Friday, April 4, 2008

Yin and Yang Take Sick Days.

The stairs looked impossible. Here we were, one of us marginally better than the other, both of us with some sort of bronchitis, at the bottom of the outdoor steps leading to our doctor’s office. Maybe we both moaned. I don’t know. I did. I was annoyed that I had to climb steps with compromised lung function.

So, after a two-hour-and-twenty-minute wait [“I guess it’s busy out there,” the doctor says ingenuously] he comes in. My sweetie pie has acute bronchitis. I am somehow less sick. He gets antibiotics. I decide to take Chinese herbs. A kind of race-you-to-the-finish-line deal.

We only went because he was so sick I made an executive decision to take us both for some expert advice. This was after two days of active moping, errands when I probably shouldn’t have been driving, and a lot of bad-movie watching. And moaning and complaining to each other about how terrible we felt. And drugged 11-hour nights of heavy sleeping aided by Nyquil. Which of course we had to go out and find because who keeps that crap in the house?

I had anxiously watched my husband for signs of something worse. My brother had just died of lung cancer which was misdiagnosed for two months back in the beginning of the awful odyssey as being a ‘hard’ pneumonia. Because he didn’t smoke. Hadn’t really been sick as an adult. Had he been a smoker, lung cancer would have been suspected and a tissue test forthcoming. Only when my brother begged for one did he find out what was really going on. So as I am watching my guy struggle with congestion, etc. I immediately go for the worst case scenario. When the doctor listened and said “I don’t hear any pneumonia” I breathed a sigh of relief. Twenty-four hours later, he is better and I can put that scary scenario away for now. I know he is better, because:

His yang energy is stronger. And how do I know that? Oh. Little things. Here are some of them:

“Are you going to be done with your email soon? I’d like to check mine.” Said in a peremptory tone of voice. Not the soft, sick tone he has been using.

“Don’t take this the wrong way, but could we do something with the stuff on that chair so I can read later?” The stuff is cardboard and decorative papers and photos left over from my brother’s memorial service. My sister and I made up two large boards of pictures of the various aspects of my brother’s life. It was very hard to do, and a very good thing to do. I realize I don’t want to move it in order to hold onto my brother. There will be a lot more of this, I am sure. Okay. One thing at a time . . . I move it and it isn’t terrible. And I can always sit in the chair, too.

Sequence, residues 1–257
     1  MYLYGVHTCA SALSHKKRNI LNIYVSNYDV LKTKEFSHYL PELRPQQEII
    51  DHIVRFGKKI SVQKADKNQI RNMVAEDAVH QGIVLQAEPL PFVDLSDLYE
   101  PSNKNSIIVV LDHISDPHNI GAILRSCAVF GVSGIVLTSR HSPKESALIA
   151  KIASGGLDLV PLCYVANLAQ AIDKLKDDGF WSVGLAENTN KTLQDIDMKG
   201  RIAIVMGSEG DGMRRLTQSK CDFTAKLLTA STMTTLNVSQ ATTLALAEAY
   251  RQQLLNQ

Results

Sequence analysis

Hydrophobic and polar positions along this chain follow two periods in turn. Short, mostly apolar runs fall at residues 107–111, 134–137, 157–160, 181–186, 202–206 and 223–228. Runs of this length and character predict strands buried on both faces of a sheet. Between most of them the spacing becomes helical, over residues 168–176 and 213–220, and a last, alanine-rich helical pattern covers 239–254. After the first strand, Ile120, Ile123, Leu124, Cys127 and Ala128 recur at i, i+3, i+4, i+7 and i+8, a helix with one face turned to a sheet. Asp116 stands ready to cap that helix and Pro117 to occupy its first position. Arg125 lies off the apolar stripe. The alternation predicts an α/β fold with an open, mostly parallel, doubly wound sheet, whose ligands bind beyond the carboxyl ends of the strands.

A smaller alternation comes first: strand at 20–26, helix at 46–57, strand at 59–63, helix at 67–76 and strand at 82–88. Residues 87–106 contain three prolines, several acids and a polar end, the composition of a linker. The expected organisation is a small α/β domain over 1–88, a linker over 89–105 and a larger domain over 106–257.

“Are there any clean clothes?” Uh, yeah. I’ve been quietly sneaking away from our nest in front of the TV to put clothes in the washer. They are not folded. [PLEASE.] But they are clean.

“I have to call some patients.” And he finds their numbers with no problem - definitely a ‘tell.’

“Do you think I can work Saturday?” Why don’t you ask if I think you are an idiot?

And best of all? “I’m hungry.”

And me. How do I know I’m getting better? What does yin do? I washed my hair, cleaned the kitchen, finished all the laundry [which is still not folded; but it is sorted], and heated up some soup. If I can manage it, I will change the sheets.

Afternoon arrives and our energies flag. He starts telling me that I better take it easy. He doesn't ask how I feel. It’s so perfectly yang protecting yin. He makes a place for me to sit down and draws me to him. I am cold and definitely overdid it. He is not moving, back in that place where he has definitely used up his energy. But I saw some blue sky and know tomorrow he will be better. Especially if we each take care of the other in the way we both do: I will watch him carefully and read him for signs he needs something; food, tea, water, vitamins; and he will let me go only so far before he demands I sit down . . . you’ve done enough, you must be tired. You have to rest, now, and so on. Maternal watch and offer, versus boundary setting. Yin and yang. Both are necessary.

I will have to be careful. Grief injures the lungs, according to Chinese medicine. My surviving brother is also sick with something very similar. The winter after my father died, all of us came down with bronchitis. So we need to take care of ourselves and balance crying and looking back with taking joy, again, from life, and looking ahead.